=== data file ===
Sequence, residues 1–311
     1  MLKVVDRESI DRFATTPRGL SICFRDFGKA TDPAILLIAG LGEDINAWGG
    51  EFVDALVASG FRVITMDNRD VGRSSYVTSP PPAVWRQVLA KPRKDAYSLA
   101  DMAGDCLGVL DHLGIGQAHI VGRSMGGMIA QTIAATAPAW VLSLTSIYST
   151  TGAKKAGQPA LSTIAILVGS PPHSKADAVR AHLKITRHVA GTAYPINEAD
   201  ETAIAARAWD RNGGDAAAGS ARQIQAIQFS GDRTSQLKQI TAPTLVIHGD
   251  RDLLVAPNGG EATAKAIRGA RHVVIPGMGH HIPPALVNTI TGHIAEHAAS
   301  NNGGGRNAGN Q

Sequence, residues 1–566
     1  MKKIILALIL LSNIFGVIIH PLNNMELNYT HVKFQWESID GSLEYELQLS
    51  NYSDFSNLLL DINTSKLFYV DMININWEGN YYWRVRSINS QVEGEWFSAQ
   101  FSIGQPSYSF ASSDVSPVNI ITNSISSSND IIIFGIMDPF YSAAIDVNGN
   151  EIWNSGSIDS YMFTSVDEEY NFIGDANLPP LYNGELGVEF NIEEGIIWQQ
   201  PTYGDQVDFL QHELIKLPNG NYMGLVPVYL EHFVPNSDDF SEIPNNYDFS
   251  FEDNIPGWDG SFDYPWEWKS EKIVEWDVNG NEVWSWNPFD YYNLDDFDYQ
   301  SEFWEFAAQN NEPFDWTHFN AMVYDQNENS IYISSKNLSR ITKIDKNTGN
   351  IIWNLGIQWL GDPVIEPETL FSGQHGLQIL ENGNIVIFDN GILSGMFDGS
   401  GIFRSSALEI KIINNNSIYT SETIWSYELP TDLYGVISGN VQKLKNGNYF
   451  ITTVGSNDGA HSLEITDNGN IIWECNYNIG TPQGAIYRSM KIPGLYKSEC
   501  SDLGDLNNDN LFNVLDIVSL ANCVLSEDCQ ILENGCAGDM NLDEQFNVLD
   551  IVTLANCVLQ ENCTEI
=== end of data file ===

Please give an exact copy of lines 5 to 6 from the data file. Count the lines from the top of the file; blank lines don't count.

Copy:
   151  TGAKKAGQPA LSTIAILVGS PPHSKADAVR AHLKITRHVA GTAYPINEAD
   201  ETAIAARAWD RNGGDAAAGS ARQIQAIQFS GDRTSQLKQI TAPTLVIHGD